Atomic nuclei are composed of two types of particles, protons and neutrons, which are collectively known as nucleons. A proton is simply the nucleus of an ordinary hydrogen atom, the lightest atom, and has a unit positive charge. A neutron is an uncharged particle of about the same mass as the proton. The number of protons in a given nucleus is the atomic number of that nucleus and determines which chemical element the nucleus will constitute when surrounded by electrons.
The total number of protons and neutrons together in a nucleus is the atomic mass number of the nucleus. Two nuclei may have the same atomic number but different mass numbers, thus constituting different forms, or isotopes, of the same element. The mass number of a given isotope is the nearest whole number to the atomic weight of that isotope and is approximately equal to the atomic weight (in the case of carbon-12, exactly equal).
The nucleus occupies only a tiny fraction of the volume of an atom (the radius of the nucleus being some 10,000 to 100,000 times smaller than the radius of the atom as a whole), but it contains almost all the mass. An idea of the extreme density of the nucleus is revealed by a simple calculation. The radius of the nucleus of hydrogen is on the order of 10 - 13 cm so that its volume is on the order of 10 - 39 cm3 (cubic centimeter); its mass is about 10 - 24 g (gram). Combining these to estimate the density, we have 10 - 24 g/10 - 39 cm3 ≈ 1015 g/cm3, or about a thousand trillion times the density of matter at ordinary scales (the density of water is 1 g/cm3).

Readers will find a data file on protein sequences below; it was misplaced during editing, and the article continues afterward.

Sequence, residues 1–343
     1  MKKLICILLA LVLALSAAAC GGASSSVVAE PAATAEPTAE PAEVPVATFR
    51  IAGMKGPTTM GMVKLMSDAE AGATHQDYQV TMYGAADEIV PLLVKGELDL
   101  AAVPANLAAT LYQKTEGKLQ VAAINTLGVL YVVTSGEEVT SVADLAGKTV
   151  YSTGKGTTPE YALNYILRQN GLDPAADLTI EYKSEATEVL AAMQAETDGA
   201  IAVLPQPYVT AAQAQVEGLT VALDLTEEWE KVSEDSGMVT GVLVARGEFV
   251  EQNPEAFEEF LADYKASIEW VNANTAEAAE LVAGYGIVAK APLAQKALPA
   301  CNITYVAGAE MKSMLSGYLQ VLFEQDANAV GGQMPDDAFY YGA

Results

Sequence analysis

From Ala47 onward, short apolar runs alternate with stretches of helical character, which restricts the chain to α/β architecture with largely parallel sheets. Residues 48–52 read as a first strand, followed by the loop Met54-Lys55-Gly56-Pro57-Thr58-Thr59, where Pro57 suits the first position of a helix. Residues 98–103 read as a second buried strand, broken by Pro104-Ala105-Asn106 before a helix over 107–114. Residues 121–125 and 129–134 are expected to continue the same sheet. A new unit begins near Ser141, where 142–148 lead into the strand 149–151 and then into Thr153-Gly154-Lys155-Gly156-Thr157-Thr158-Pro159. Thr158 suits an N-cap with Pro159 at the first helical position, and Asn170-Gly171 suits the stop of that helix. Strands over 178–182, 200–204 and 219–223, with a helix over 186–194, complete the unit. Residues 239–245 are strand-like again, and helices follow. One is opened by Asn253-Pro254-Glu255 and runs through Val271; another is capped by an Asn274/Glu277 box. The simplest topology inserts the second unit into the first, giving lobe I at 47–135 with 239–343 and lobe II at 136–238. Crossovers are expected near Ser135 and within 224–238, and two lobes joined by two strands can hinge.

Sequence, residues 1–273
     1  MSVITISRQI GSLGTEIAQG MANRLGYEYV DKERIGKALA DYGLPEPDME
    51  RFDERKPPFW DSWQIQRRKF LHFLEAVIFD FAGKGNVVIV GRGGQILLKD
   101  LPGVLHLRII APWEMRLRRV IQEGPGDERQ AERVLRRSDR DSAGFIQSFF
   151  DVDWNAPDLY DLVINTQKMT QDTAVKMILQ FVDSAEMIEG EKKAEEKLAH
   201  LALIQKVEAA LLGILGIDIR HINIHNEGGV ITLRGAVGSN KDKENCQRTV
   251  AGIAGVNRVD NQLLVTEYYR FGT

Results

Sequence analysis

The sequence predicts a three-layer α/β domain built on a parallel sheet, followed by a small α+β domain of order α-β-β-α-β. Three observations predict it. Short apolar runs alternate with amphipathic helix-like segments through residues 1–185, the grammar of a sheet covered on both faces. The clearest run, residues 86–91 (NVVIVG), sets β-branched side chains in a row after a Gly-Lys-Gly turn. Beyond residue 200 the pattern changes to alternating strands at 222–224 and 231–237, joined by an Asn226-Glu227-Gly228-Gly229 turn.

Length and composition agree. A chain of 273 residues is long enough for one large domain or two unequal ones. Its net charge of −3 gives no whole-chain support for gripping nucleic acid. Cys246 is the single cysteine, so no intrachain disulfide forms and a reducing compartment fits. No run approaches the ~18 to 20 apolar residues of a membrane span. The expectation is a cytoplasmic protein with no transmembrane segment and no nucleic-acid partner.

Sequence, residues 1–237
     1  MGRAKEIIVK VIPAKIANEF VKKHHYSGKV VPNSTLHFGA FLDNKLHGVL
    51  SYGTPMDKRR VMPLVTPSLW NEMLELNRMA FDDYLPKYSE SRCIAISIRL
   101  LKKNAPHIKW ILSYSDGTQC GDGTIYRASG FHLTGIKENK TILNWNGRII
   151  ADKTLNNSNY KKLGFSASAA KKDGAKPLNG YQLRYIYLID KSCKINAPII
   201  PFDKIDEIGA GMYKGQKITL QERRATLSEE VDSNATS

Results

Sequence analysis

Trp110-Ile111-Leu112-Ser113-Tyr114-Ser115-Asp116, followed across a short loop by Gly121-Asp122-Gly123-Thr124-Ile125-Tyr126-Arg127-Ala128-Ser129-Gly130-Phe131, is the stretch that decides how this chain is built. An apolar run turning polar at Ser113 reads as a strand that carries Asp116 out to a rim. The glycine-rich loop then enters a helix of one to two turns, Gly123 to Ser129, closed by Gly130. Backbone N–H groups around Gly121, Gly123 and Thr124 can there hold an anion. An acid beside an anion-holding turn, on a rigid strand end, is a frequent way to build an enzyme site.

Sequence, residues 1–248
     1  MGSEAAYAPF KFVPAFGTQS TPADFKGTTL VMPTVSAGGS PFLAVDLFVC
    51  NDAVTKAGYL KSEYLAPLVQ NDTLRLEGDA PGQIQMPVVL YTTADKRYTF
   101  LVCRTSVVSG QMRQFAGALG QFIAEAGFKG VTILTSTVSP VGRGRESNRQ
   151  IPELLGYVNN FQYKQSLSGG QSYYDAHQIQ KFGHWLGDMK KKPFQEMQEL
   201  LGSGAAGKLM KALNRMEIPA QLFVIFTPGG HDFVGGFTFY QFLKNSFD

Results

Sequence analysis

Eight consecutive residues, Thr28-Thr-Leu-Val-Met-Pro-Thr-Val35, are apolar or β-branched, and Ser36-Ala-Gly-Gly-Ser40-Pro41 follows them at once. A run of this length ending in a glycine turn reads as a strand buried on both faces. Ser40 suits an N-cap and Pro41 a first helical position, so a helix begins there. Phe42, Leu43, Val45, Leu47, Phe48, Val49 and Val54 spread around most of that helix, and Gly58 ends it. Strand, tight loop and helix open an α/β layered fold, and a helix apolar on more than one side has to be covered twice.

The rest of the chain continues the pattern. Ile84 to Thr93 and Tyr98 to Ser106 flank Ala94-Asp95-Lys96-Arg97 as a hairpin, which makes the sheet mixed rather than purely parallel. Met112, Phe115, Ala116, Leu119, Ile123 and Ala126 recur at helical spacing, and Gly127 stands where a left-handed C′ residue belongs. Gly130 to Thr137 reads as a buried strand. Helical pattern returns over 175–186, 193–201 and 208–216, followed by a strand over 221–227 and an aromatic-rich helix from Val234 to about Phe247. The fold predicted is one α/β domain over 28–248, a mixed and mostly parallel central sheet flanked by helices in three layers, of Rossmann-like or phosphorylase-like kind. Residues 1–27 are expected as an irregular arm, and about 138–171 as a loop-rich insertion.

When nuclear masses are measured, the mass is always found to be less than the sum of the masses of the individual nucleons bound in the nucleus. The difference between the nuclear mass and the sum of the individual masses is known as the mass defect and is due to the fact that some of the mass must be converted to energy in order to make the nucleus stable. This nuclear binding energy is related to the mass defect by the famous formula from relativity, E = mc 2, where E is energy, m is mass, and c is the speed of light. The binding energy of a nucleus increases with increasing mass number.
A more interesting property of a nucleus is the binding energy per nucleon, found by dividing the binding energy by the mass number. The average binding energy per nucleon is observed to increase rapidly with increasing mass number up to a mass number of about 60, then to decrease rather slowly with higher mass numbers. Thus, nuclei with mass numbers around 60 are the most stable, and those of very small or very large mass numbers are the least stable.
Two important phenomena result from this property of nuclei. Nuclear fission is the spontaneous splitting of a nucleus of large mass number into two nuclei of smaller mass numbers. Nuclear fusion, on the other hand, is the combining of two light nuclei to form a heavier single nucleus, again with an increase in the average binding energy per nucleon. In both cases, the change to a stable final state is accompanied by the release of a large amount of energy per unit mass of the reacting materials as compared to the energy released in chemical reactions (see nuclear energy).
The Columbia Electronic Encyclopedia, 6th ed. Copyright © 2012, Columbia University Press. All rights reserved.